Popular images of architects change over time.One hundred and fifty years ago, Gustave Flaubert, author of Madame Bovary , included the image of the architect as 'a dreamer who always forgets the stairs' in his dictionary of received ideas. And so he remained for a century or more until Ayn Rand's Howard Roark turned him into a women's magazine hero, young, handsome and hoping for nothing more than a crack at the new town hall.
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By the 1960s Howard Roark had aged considerably and was treading the boards in Joan Littlewood's The Projector as the servile tool of ruthless developers. Then he became identified with the tragedy of the tower blocks and began to be hunted down in his elegant Georgian house by journalists, dragged out and charged with responsibility for Ronan Point, Broadwater Farm, comprehensive redevelopment, overspill estates and windswept plazas everywhere. Before long princes of the realm and TV pundits were cheered when they denounced him as an arrogant brute.
Abruptly, with the coming of the National Lottery and millennium bonanza, this terrible baiting ceased. As a result, where 20 years ago media and public alike would have been baying for blood, now they greet falling glass, wobbling bridges and untoward skyscrapers with an indulgent smile.
So far so good. But just as the profession has begun to emerge from its bunker mentality in anticipation of a spell of universal approbation, the shadow of a truly terrifying role model has fallen across its path. It is the ghost of Albert Speer, architect, war criminal, and one of the most successful autobiographers of modern times.
The real Albert Speer, Hitler's architect and minister of armaments, died in London in 1981, 15 years after his release from prison. Now, against all probability, he has risen again as a theatrical character of Hamlet proportions. He first appeared on the stage playing a supporting role in Richard Norton-Taylor's Nuremberg . Then, last year at the Almeida in north London, he received top billing in Esther Vilar's Speer , a fiction in which, in old age, he is lured to east Germany to use his tremendous organising skills to save the bankrupt socialist economy, but ends up debating the morality of his life and work over a model of Hitler's Germania, with its enormous dome.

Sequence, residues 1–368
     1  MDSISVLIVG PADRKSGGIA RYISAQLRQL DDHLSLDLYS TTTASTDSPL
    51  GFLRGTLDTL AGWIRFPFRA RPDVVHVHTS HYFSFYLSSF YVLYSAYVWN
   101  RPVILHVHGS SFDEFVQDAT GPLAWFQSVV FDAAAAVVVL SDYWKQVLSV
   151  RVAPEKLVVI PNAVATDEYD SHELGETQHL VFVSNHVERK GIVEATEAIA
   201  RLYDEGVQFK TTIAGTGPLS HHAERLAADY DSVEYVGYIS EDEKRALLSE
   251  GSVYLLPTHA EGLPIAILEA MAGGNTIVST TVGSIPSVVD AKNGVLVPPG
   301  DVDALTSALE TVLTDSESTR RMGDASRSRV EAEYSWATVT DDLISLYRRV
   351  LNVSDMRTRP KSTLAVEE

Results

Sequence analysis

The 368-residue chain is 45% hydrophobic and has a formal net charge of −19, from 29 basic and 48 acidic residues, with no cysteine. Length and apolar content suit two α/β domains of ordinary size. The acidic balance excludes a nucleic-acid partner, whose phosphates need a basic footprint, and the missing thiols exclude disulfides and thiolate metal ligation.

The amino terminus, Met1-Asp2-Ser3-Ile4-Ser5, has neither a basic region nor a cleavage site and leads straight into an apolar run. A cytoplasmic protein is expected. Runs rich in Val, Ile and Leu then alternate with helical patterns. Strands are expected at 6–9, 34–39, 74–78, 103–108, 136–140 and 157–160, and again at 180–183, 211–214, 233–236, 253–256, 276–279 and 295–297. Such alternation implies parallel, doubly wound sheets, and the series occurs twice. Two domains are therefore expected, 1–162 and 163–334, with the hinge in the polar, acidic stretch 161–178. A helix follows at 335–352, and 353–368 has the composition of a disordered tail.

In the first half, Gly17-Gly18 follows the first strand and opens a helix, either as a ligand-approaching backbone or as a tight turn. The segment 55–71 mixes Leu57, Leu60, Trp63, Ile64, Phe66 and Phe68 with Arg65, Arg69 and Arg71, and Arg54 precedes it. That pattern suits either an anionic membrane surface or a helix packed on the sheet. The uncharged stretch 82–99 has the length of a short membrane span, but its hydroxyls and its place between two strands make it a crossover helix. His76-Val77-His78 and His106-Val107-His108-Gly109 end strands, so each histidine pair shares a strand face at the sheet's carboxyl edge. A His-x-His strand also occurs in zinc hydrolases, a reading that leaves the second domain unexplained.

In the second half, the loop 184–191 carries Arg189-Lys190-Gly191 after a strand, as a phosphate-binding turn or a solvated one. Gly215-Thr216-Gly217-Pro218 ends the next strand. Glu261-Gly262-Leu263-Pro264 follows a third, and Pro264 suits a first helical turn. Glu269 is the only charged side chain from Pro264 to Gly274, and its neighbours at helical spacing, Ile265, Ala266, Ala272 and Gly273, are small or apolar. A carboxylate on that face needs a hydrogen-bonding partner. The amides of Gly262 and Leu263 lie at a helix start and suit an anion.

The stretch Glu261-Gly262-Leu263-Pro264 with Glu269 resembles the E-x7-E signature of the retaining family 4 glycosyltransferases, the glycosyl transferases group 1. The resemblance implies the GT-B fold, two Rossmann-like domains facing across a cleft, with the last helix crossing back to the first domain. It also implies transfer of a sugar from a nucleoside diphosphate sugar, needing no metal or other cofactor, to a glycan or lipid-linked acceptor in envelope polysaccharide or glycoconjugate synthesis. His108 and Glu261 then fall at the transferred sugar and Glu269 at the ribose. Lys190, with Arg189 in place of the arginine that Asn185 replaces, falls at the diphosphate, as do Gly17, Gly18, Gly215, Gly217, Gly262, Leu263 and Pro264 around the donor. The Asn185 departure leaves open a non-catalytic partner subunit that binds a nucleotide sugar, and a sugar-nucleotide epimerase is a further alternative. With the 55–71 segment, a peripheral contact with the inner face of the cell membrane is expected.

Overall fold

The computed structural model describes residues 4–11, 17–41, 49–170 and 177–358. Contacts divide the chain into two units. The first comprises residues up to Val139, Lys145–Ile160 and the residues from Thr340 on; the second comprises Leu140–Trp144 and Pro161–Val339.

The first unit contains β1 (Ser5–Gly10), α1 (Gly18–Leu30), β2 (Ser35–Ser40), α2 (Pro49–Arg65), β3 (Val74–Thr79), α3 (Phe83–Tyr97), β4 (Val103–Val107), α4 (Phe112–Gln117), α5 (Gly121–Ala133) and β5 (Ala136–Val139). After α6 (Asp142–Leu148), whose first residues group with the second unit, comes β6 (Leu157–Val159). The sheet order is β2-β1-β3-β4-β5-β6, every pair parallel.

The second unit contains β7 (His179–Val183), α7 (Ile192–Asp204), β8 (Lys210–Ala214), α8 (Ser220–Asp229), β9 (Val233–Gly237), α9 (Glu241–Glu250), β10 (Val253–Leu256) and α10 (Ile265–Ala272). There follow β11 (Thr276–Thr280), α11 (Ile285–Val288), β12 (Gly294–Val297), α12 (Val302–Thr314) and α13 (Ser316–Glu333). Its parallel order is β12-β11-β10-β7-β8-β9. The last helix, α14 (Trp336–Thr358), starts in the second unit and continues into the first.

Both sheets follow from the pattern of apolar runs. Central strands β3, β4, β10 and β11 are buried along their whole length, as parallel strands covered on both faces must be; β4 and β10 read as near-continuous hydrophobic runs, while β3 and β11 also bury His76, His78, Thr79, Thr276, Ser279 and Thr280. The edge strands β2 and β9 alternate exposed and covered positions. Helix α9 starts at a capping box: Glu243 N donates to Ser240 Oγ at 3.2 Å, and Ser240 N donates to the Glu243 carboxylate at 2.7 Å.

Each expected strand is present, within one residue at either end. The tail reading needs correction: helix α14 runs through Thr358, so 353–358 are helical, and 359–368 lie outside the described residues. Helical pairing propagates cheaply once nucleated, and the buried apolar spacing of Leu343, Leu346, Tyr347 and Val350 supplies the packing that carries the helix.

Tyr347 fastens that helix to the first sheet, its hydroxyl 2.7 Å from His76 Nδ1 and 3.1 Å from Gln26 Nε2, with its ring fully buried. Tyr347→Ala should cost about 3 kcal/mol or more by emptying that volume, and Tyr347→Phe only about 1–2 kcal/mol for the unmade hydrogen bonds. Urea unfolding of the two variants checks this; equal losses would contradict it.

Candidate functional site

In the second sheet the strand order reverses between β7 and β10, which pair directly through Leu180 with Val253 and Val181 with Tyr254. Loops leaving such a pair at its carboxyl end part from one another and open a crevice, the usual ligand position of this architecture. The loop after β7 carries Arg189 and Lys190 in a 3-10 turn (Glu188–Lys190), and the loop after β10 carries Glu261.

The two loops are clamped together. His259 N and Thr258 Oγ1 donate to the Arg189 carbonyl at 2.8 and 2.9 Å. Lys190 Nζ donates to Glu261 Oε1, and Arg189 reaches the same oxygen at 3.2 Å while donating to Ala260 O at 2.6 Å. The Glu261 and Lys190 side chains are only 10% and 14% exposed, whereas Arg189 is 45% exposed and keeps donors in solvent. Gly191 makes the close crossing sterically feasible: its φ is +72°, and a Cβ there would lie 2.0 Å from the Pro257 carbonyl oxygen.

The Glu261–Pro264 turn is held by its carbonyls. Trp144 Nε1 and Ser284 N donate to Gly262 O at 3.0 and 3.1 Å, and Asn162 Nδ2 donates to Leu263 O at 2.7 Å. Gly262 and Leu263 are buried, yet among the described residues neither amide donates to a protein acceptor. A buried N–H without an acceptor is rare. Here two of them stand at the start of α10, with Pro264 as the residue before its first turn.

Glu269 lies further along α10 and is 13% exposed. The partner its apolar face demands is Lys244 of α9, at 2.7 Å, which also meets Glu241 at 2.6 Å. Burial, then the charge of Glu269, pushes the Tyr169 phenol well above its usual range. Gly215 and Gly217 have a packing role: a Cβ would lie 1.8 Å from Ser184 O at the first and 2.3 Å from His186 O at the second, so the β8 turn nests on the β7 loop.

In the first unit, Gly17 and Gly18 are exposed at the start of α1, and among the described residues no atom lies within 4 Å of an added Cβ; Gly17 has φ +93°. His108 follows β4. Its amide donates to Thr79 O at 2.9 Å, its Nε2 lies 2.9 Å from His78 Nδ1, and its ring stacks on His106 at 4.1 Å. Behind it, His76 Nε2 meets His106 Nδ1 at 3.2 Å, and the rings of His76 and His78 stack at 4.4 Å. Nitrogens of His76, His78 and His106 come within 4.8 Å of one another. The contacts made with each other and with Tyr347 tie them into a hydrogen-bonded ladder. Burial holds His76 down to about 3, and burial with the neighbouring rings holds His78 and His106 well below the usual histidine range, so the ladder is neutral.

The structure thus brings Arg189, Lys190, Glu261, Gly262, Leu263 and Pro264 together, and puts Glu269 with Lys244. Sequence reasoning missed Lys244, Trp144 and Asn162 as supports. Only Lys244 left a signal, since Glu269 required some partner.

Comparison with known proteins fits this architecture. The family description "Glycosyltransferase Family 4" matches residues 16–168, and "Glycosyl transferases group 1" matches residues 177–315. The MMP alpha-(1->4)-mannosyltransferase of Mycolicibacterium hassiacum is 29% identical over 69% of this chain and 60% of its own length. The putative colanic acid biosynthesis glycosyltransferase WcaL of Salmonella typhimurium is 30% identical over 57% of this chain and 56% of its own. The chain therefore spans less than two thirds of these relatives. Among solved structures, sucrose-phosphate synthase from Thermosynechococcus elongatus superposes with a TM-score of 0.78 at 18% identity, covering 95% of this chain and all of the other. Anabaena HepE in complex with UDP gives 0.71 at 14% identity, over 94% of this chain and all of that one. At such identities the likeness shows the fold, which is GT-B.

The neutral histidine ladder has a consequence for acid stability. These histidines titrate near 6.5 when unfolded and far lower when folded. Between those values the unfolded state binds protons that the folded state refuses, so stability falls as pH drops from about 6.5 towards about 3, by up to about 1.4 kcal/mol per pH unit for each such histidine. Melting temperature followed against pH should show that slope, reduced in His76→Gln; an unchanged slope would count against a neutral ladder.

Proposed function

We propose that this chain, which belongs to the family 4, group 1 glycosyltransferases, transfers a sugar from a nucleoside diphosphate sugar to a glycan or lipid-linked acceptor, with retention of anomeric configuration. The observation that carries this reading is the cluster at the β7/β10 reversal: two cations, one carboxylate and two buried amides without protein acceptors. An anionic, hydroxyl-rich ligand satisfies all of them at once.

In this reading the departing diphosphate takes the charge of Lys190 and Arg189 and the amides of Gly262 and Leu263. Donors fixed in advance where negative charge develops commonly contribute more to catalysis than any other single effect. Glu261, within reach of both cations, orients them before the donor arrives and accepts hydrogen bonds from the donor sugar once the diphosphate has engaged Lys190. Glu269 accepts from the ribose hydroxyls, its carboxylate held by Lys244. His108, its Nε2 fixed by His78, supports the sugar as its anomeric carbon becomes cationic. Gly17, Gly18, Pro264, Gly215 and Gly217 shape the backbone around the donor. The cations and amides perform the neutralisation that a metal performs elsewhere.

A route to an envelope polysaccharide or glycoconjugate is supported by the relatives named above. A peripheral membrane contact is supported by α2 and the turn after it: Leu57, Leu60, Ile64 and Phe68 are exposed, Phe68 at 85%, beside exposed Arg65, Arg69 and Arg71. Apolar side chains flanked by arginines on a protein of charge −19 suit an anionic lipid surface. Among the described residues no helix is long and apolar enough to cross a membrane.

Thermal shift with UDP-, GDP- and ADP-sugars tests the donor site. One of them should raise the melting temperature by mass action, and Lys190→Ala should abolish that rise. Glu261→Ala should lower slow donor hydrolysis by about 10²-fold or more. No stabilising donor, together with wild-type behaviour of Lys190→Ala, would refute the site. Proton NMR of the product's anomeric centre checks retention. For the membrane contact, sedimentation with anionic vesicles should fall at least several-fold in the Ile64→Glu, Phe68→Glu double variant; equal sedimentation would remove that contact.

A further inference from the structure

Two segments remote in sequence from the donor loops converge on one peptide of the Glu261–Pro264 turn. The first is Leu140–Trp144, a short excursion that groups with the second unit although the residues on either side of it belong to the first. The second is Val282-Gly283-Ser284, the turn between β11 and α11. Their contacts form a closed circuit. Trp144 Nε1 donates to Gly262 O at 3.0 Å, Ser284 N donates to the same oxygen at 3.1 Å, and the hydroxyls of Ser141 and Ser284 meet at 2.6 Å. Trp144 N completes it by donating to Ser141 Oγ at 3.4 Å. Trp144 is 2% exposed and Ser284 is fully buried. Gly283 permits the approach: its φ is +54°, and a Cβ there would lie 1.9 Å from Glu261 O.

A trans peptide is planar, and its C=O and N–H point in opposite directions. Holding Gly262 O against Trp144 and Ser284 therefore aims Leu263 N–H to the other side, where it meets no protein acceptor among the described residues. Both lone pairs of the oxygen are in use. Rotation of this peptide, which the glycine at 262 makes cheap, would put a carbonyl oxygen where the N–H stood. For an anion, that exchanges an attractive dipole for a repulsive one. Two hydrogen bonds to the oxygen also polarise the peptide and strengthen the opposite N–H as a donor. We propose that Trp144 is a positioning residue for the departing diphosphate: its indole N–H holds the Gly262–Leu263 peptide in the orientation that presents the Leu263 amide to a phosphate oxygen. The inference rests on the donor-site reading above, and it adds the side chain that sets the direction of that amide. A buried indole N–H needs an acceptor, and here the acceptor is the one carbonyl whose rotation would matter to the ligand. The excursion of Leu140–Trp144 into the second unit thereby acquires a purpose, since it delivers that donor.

This year Speer has graduated yet again. Given an incredible four hours instead of Vilar's 90 minutes, and his full name as the title, he appears alongside the famous model of Germania again in David Edgar's Albert Speer at the National Theatre. The play is drawn from the encyclopedic biography by Gitta Sereny. This time the stark, dramatic sets enhance the prominence of the model (the actor playing Hitler uses the dome as a recliner while holding forth to his acolytes), while the diverting parody of a classical master class by Tessenow ('Whatever is successful is bound to be simple'), and the telling depiction of the impossibility of rejecting opportunity when it presents itself - even at a railway station - conspire to give Speer's Faustian tale a timeless currency.
Where Hitler and his courtiers are trapped beyond redemption in their period uniforms and barbaric rituals, Speer, seldom in uniform, makes the leap from 1941 to 1981 in modern dress. Here is a man who shows that it still is possible to be 'purely technical'. A man who (one thinks) could leave the theatre at any time to be reunited with one of his V2 rockets at the Science Museum, or teach a class a lot about the management of new technology. An architect, moreover, whose works are all destroyed but whose model of an unbuilt city has entered the image cascade of the twenty-first century. An architect who saw into the future of all architects everywhere.
The ghost of Hitler's architect Albert Speer casts its shadow